The overall aim of the research programme was to provide a greater understanding of the implications of ocean acidification and its risks to ocean biogeochemistry, biodiversity and the whole Earth system.
Background & objectives
The Ocean Acidification Research Programme was a five-year collaborative programme with a budget of £12 million funded by NERC, the Department for Environment, Food & Rural Affairs (Defra) and the Department of Energy & Climate Change (DECC).
Atmospheric CO2 concentrations have increased as a result of human activity and are likely to continue to do so in the future, although the future levels of CO2 are uncertain. In response to this rise, the oceans are taking up more CO2 and becoming more acidic. The associated increases in ocean acidity over coming decades are likely to be at a rate and on a scale that is unprecedented in at least the last 20 million years.
It is likely that large areas of the ocean could become under-saturated with respect to at least aragonite (one of two common polymorphs of biologically produced calcium carbonate) within this century. Under such conditions, organisms creating aragonite skeletons face serious challenges.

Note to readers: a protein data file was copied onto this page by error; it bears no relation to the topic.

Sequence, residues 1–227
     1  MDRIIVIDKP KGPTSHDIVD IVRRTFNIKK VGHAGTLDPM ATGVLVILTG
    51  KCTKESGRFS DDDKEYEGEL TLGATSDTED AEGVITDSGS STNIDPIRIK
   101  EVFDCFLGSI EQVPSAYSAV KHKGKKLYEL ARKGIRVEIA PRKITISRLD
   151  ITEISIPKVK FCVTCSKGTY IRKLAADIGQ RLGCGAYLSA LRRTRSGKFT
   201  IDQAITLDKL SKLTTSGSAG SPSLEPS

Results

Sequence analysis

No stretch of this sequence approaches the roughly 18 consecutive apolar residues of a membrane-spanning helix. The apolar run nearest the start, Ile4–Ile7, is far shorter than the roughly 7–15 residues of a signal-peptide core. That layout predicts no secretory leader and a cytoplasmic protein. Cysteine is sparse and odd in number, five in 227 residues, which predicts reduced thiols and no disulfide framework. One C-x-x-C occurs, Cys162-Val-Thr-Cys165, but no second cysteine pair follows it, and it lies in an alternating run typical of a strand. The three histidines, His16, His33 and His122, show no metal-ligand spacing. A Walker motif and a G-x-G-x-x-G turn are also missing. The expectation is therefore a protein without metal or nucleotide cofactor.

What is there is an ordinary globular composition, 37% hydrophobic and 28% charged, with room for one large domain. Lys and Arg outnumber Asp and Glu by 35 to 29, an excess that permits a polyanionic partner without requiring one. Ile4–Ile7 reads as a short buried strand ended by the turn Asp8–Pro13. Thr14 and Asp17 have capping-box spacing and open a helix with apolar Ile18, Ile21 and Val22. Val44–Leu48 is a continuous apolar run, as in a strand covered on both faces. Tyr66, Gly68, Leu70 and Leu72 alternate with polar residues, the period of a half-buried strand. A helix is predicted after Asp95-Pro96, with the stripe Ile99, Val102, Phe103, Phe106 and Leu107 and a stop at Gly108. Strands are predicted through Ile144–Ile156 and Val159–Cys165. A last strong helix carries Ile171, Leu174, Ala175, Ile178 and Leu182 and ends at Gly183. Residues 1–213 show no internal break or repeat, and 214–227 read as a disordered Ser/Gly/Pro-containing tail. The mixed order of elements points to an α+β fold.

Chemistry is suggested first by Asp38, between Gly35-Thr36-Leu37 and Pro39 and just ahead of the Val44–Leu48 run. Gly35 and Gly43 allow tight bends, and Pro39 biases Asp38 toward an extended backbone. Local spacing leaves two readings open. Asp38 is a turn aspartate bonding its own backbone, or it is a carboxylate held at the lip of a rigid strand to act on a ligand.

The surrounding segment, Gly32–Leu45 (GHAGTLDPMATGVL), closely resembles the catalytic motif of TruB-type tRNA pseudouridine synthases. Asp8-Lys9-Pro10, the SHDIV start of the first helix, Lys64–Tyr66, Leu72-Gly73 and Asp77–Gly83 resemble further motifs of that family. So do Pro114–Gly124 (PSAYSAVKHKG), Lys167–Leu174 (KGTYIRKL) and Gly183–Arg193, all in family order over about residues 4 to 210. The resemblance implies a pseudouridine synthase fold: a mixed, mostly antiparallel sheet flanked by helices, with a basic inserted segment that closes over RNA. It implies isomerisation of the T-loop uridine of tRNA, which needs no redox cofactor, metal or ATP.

This acidification will clearly have major impacts on ocean biogeochemistry and biodiversity, but impacts will extend beyond this to the whole Earth system via impacts on air-sea gas exchange and sedimentation of material through the oceans. The scale and nature of the effects of acidification on marine systems and more widely are very poorly known.
Research programme activities were focused on the North-East Atlantic (including European shelf and slope), Antarctic and Arctic Oceans, and included the effects of acidification on biochemistry and biodiversity, past responses to acidification, ecosystem structure and function, habitats and species, and socio-economic implications.
Reports & key findings
The overarching aim of the programme was delivered through the funding of projects to address the programmes 7 science deliverables as detailed in the Science Plan. A full list of awards can be found on Grants on the Web.